As the pandemic rounds the one-year mark, MCC’s professors continue to deal with everything from learning innovative ways to teach students virtually, to the shift in working from home. They are our professors, like hubs of knowledge pointing each student toward their future, but more than anything, they are human like us, living amidst a worldwide pandemic. How has their teaching changed, what kind of innovations have they employed, and what has online teaching been like for them? Among those questions and more, these are their answers.
A man of family and faith, Daniel Meyers – Chair of Arts and Humanities, Chair of the Technology Department, Chair of Achievement Based Scholarships, Director of Music, and full-time professor at MCC, has come into contact with nearly every person at MCC. During the last year, Meyers has become well aware of the specific challenges the Arts and Humanities face. “If we take pottery or drawing, or painting, that has posed an extra challenge because of the equipment. You can’t make a pot if you don’t have your own wheel,” he quipped.
Without the proper equipment students have found ways of getting creative. “We’ve learned to do things in different ways,” noted Meyers. “We’ve learned to make these virtual concerts; we’ve learned to do virtual plays… Next year if we are back doing regular rehearsals, we’re still going to do a piece of music like this virtually, because it forces us to learn something new, to do something new,” said Meyers with passion in his voice. “If we want to continue to exist, we have to adapt!”
The Arts and Humanities may have had a rough go at the beginning, but the pandemic can’t stop creativity from overcoming challenges such as getting the choir to sing over Zoom or putting on a virtual band performance. Meyers is hopeful about the progress being made so far, despite the pandemic. “Rather than a roadblock, it is a chance for something new and exciting,” he noted. “The Arts, what we do, makes us whole people, makes us human. It gives us beauty in life. That’s what the Arts and Humanities do,” Meyers added. No matter the challenge, the Arts and Humanities will find a way through the cracks.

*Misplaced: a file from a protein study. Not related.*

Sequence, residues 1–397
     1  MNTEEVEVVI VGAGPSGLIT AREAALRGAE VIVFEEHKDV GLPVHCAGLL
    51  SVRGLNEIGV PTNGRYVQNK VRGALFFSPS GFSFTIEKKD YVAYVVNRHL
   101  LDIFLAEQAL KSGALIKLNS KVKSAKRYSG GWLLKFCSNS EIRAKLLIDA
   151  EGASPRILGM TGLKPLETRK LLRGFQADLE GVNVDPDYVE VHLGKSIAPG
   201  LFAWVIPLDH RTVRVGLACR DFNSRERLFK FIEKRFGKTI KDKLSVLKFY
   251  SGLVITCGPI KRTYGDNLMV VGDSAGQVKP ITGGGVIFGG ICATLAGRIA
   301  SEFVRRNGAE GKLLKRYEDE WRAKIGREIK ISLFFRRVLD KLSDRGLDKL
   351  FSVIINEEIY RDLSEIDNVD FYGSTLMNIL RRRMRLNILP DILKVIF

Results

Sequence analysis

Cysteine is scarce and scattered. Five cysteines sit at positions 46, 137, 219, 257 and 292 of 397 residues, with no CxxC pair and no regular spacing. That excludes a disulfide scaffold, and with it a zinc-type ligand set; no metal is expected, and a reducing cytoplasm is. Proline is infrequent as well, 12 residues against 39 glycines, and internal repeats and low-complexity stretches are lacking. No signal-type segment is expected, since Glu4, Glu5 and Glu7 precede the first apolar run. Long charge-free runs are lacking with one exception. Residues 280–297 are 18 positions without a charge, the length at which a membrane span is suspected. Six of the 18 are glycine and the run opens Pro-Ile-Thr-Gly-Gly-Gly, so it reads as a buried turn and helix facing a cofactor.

MCC Professor and Coordinator of Teaching and Learning Linda Hood is a lover of sci-fi novels and has traveled around the world; she teaches a college success course for students and more. To her, teaching is guided by the student.
“Every student is precious,” noted Hood. “Every faculty person represents a precious student. To me, everything we do is guided by the needs of our students.” In the classroom, Hood knows how scary it can be to speak up, so she has come up with a way to engage students, making it easier to be vulnerable to ask a question. “When I teach, whether it’s students or faculty, I always say, ‘I want everybody to ask me two questions about what we did today,’ and then their questions just pour out.”
MCC Professor and Production Blackboard Administrator Barbara Landes loves to wind down by solving puzzles and reading cozy British murder mysteries; but, despite being a lover of technology, at first, Landes wasn’t on board with distance learning. When the pandemic hit, however, because of her health, she went completely online. Landes took courses to learn how to teach in an online environment, and she gleaned a new teaching philosophy. “In my philosophy, whatever you’re doing face to face is done virtually with a few tweaks.” She cites one of the “tweaks” as breakout rooms rather than going into the whole group. With class using Zoom, Landes said, “I love it! Every student is in the front row.” With students being front and center, they gain the benefit of having their professor right there.
Hood has also seen success in her courses. “My students had perfect attendance all last semester, and so far, this semester as well! And I think that’s because we’ve broken the screen. I think it’s just understanding that there’s a real person on the other side of the screen, and that’s what it’s like for me online. It’s working to break the screen.” For Hood, “breaking the screen” can be summed up like this: “I always had the philosophy that it is my job to break the screen, to make everyone feel more connected, and that there is no distance between us.”
Landes finds relaxation in helping others. She takes time to listen to students who are struggling amidst the pandemic with job loss or added stress from school or family. “One of the other passions that I have is as far as teaching goes and ways that I relax, is I find different ways to help faculty and students through this difficult time,” she noted. “Recognize that there’s this issue with balance, and then you have to stay steadfast in maintaining that balance for your own mental health,” Landes added. “Go for a walk, do something you used to do, have a daily ritual that helps separate from that [daily stress].”
Breaking the screen, building that connection, and empathy with others is what makes Hood’s learning environment work on camera or off for every student of hers. With every student and faculty member working together to make the pandemic tolerable, we are creating a community one step at a time. It is times like these where innovation and creativity are needed to overcome obstacles, realize every person in our lives is a gift, or take time for our mental health. We are stronger together, more now than ever before.